Oxbridge Pre-Interview Classics (with Oriental Studies) Assessment Questions

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Report Thread starter 1 year ago
Hi all,

I enjoy studying classics, Latin and history as 3 of my 5 Highers in Scotland, and am considering applying to either Oxford or Cambridge this year for something in this region.

I don't currently have a problem with Higher Latin; but I know the pre-interview assessments want A-level Latin skills (possibly a bit beyond that as well).

I want to know a) how Higher and A-level Latin courses compare in terms of level of difficulty
b) What the best way is to get my Latin up to scratch, learning vocabulary and being able to translate works confidently of real Roman writers, instead of abridged exam texts.

Note: SQA Higher Latin - wordlist attached to exam. Therefore, I have never needed to learn vocab, but of course I have absorbed some of it subconsciously.

Many thanks.
Badges: 8
Report 1 year ago
This is definitely one of the great 'failures' of SQA Latin - the lack of ever having to learn an item of vocabulary, though as you say, you have absorbed some of it as you've gone along. That said, Oxbridge admissions will expect a knowledge of Latin vocabulary equal to - if not slightly beyond - that of A-Level, so it'd be well worth your while making sure that you know that OCR Latin vocab list. They only have a list at AS Level, but I would say that it's better than nothing.

The SQA course is fairly limited in exposing students to 'real' Latin in that you need only study two texts and these can be both prose or both verse, whereas A-Level requires an in-depth study of at least one prose author and one verse author, plus an unseen taken from Livy and Ovid.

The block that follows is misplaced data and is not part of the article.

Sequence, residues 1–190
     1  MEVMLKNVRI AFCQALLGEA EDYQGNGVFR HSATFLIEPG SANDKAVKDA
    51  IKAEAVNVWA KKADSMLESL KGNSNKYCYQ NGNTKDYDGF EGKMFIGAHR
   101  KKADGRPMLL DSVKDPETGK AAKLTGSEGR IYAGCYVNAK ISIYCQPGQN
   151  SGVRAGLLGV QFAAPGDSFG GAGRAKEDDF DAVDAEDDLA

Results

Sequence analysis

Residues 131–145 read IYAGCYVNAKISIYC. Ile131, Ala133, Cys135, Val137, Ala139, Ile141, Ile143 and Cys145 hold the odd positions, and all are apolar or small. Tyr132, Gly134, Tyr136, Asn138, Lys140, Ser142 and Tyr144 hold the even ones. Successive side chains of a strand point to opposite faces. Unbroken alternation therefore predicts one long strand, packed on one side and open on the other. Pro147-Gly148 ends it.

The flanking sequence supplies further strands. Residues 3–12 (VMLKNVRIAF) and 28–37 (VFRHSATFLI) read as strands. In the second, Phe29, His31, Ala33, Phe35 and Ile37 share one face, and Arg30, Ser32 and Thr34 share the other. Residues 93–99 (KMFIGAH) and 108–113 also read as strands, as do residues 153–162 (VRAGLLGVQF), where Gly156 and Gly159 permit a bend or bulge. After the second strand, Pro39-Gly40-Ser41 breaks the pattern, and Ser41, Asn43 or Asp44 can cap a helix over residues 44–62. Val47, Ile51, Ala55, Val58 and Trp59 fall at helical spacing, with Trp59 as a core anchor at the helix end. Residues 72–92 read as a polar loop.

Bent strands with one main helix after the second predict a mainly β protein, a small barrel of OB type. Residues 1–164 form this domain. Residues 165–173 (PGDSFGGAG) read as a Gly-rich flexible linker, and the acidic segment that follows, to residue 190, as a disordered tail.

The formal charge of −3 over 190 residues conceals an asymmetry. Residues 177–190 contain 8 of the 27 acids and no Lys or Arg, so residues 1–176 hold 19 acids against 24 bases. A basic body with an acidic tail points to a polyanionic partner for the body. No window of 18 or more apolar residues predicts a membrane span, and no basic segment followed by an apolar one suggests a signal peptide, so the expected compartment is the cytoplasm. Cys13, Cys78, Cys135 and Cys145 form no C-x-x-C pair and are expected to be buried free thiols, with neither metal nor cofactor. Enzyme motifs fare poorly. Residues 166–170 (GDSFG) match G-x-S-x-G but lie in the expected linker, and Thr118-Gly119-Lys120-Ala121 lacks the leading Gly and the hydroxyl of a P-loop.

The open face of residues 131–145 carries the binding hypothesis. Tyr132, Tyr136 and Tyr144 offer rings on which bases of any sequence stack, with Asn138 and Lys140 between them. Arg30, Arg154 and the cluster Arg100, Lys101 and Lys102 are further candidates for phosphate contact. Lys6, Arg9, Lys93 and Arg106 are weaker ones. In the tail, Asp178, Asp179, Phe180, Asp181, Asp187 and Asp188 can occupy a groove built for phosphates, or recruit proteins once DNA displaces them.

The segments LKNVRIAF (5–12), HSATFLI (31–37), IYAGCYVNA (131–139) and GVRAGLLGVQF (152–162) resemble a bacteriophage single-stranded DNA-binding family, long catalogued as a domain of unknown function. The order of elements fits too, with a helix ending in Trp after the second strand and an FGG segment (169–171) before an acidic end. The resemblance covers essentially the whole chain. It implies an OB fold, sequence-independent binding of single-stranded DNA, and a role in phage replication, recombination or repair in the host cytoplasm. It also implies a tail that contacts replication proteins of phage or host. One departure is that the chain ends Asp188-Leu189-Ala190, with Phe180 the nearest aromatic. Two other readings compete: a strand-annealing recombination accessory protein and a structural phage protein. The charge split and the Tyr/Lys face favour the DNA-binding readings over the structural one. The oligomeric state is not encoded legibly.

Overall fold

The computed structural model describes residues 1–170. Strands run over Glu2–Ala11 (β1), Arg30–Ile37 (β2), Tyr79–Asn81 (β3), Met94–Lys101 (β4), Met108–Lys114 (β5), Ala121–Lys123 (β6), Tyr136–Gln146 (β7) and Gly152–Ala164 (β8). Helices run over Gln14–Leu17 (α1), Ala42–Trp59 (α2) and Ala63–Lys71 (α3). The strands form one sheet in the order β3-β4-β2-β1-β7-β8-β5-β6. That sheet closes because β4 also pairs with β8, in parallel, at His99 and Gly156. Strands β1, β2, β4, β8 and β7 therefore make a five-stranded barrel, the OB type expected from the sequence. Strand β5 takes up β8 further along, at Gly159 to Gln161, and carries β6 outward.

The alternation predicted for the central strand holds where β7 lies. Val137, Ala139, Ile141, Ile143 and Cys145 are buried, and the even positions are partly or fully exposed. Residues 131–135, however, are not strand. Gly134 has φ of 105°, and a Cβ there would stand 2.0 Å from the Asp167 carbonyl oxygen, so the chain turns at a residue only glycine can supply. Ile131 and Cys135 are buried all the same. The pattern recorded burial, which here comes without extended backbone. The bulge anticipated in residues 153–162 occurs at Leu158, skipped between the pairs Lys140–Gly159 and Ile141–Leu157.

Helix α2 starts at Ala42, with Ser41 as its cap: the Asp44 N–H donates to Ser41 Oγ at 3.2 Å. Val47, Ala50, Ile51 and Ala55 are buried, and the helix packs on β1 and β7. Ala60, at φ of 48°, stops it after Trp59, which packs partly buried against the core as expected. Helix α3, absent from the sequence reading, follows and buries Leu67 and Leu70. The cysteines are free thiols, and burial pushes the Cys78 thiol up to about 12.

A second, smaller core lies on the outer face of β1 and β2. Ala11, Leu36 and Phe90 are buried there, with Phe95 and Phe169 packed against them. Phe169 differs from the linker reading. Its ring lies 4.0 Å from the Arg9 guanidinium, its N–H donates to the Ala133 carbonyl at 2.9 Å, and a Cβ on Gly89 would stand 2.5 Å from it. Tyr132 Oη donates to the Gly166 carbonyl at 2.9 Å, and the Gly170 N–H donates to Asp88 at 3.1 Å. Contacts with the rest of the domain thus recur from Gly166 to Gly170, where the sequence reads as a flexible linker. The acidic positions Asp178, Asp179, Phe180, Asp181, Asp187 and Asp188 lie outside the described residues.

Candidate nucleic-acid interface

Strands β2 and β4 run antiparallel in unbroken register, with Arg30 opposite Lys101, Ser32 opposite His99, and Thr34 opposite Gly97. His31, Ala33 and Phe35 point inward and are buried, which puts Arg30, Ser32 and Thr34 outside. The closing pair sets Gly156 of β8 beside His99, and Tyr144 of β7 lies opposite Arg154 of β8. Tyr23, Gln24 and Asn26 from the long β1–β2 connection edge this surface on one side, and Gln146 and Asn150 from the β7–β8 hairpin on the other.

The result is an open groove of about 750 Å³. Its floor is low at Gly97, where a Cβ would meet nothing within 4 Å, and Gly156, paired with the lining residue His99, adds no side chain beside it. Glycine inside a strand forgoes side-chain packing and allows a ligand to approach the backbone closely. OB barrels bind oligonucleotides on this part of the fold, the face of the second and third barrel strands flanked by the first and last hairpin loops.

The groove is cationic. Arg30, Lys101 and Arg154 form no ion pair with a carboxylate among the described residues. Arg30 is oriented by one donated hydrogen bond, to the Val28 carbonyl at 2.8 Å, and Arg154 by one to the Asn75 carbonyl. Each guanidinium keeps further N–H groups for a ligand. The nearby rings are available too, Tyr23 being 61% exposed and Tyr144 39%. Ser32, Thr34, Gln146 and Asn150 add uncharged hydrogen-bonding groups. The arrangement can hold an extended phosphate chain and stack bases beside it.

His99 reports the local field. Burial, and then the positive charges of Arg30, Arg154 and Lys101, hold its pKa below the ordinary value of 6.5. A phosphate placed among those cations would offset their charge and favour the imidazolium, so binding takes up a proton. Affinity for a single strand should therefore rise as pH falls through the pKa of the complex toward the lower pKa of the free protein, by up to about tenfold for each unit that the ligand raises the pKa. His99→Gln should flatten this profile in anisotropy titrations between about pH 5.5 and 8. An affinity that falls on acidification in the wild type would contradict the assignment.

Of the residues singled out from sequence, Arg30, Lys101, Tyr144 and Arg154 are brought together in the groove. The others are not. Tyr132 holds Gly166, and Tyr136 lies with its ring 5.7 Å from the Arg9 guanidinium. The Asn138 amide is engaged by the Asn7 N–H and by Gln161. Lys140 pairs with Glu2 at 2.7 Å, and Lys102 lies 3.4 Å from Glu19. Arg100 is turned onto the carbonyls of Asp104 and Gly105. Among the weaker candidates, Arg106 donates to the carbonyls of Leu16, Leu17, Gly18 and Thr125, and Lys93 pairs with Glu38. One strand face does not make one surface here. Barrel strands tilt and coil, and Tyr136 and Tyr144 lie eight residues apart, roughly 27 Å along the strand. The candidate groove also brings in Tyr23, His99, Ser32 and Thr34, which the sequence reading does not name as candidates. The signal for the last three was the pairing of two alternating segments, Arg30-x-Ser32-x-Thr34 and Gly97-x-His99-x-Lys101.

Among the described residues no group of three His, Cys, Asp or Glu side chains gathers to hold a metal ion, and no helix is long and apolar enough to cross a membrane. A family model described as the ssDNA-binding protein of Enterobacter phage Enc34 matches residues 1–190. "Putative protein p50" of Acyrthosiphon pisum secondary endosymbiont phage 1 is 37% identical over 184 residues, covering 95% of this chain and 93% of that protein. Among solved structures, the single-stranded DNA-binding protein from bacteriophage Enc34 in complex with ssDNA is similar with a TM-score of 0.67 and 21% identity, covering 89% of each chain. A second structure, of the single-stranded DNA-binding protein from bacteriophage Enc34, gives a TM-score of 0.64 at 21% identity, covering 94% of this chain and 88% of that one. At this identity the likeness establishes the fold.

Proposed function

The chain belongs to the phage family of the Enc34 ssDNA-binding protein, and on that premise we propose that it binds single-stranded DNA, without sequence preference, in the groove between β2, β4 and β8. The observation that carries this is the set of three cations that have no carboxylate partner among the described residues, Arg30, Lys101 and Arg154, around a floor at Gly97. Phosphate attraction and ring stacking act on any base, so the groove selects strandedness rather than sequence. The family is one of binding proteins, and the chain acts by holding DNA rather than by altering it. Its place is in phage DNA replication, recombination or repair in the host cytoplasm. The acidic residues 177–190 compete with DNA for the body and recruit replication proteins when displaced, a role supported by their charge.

The learning of the grammar is relatively similar, but this is not expressly tested like it is at A-Level (no nasty 'explain why this verb is subjunctive' questions for SQA students!).

I would say that it wouldn't be a bad idea to have a look at the specifications for A-Level Latin offered by OCR and the Pre-U course offered by Cambridge International. This would give you exposure to a wider range of texts, as well as having to practice translating both prose and verse authors at sight.

Likewise, Oxbridge colleges should be able to provide you with specimen papers for the entrance exam, so it'd be worth seeing how you'd get on with these, too.

Your Latin teacher at school should be able to help you with this, so it'd be well worth approaching him/her, or else considering looking at getting a tutor who is able to take you beyond the SQA requirements.

I hope that this was helpful. Feel free to PM me if you want to ask anything!

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